Here is the second installment in my How They Do It series, which I inaugurated last month with a Q&A with Thomas MacEntee. In this series, I’ve reached out to genealogy luminaries whom I admire and asked them to talk about how they organize their own genealogy research. I’ll post a new installment the first Tuesday of every month.
This month, we get to learn from Denise May Levenick, The Family Curator, author of How to Archive Family Keepsakes and How to Archive Family Photos. Denise is also a frequent contributor to Family Tree Magazine, as well as a popular teacher and lecturer.
How They Do It: Denise May Levenick
How long have you been doing genealogy?
I checked out my first census record in 1976 as part of a course in Personal and Family History at the University of Idaho, and I was hooked! That course gave me the opportunity to revisit my grandmother’s family history papers and photos, but I didn’t really pursue genealogy until my sons graduated from college and I had more time. It was a long hiatus.
What’s your favorite part of doing genealogy?
Discovering the back-story of a document or an unexplained detail about an ancestor is my favorite aspect of genealogy. I loved discovering that my grandmother was an accomplished seamstress! It gives me an extra connection when I work on quilts for my family.
Do you consider your genealogy research well organized?
Is my research well-organized? My research is one thing, my research papers and files are another. I feel pretty comfortable about both, and I can usually find what I need. But, there’s always room for improvement!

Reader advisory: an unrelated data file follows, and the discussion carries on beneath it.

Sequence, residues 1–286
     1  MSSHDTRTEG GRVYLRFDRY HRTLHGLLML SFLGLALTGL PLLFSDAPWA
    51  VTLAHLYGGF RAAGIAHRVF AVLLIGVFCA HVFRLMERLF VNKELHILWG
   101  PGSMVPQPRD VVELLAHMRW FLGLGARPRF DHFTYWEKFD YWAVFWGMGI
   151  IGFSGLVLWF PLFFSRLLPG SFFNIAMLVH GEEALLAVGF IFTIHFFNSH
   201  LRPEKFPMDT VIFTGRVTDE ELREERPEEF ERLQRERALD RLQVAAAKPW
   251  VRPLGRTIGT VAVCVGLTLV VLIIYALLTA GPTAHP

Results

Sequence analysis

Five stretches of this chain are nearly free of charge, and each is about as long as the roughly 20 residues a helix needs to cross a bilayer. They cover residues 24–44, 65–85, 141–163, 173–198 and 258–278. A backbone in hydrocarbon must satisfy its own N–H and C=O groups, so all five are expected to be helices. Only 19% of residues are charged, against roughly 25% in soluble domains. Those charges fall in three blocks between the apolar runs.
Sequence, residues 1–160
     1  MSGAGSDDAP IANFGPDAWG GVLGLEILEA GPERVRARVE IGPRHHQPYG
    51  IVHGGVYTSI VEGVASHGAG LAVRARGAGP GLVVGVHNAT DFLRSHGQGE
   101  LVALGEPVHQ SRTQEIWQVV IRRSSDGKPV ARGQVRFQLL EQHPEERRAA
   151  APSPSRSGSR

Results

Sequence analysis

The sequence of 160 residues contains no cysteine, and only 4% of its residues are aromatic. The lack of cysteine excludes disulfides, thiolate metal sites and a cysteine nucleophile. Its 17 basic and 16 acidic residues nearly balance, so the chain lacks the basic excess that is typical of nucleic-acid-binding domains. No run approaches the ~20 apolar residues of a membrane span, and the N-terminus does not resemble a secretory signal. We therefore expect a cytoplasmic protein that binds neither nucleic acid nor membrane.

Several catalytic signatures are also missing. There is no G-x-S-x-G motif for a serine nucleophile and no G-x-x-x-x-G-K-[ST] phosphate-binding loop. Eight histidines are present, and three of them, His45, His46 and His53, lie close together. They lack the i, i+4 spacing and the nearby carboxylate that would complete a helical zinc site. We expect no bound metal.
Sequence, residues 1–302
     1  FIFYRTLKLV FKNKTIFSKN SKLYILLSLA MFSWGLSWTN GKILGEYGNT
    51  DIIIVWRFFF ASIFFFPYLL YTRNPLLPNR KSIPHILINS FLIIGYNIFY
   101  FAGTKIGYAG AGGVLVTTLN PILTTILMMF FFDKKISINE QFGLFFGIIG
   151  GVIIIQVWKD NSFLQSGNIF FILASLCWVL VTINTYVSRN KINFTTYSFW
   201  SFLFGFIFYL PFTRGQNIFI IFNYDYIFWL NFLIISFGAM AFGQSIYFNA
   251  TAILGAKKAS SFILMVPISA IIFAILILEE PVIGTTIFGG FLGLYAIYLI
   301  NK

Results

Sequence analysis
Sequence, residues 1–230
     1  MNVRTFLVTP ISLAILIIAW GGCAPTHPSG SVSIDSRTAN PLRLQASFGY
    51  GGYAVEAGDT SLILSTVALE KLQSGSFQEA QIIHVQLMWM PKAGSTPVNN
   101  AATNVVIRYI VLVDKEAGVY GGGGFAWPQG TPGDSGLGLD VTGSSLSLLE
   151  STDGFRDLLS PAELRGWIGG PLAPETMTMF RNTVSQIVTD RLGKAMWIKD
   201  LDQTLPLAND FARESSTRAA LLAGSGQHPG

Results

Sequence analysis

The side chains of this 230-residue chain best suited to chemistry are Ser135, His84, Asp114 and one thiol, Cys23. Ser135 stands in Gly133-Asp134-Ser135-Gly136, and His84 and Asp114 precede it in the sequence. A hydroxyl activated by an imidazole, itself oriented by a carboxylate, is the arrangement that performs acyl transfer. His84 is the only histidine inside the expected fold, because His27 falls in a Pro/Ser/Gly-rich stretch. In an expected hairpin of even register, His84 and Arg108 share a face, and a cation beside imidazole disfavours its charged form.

What type of software do you use for organizing your genealogy research?
I’ve used or tried almost every genealogy database program – PAF, Family Tree Maker Legacy, RootsMagic, Reunion, MacFamily Tree, and some I can’t remember. Since moving to a Mac in 2000, I use Reunion most of the time. I keep all my work in the Notes section and export GEDCOM files as needed to use features in other programs on my PC. The best advice I ever received was to invest time and effort in the Notes section of your software rather than the individual event line data. It’s served me well when I moved around as my needs changed.
Do you keep a research log? If so, what format?
Oh… research logs. Yes, I do. I had a beautiful journal log that I left somewhere, and now I use a form log online that I can access from my desktop at home or my laptop. I still use a paper journal log, but most work is duplicated on the digital log too. I’m a “form person.” I love creating tables and forms for different projects and included dozens of worksheets and forms in both my books.
Do you have a tree on Ancestry? If so, is it public or private? Why?
I have both kinds of trees on Ancestry. Public as cousin bait, and private for my works-in-progress. I don’t want my speculative work to be copied as proven, so I feel better keeping those trees private.
What’s your biggest challenge when it comes to organizing your genealogy?
My biggest challenge is keeping paper under control. I do like paper copies to read and annotate, but the pages seem to multiply like rabbits.
What’s your biggest piece of advice to beginning genealogists in terms of keeping track of their research?
I’d say, “Don’t fight the Research Log. Just do it!” We love taking shortcuts, but in genealogy, shortcuts just cost time later.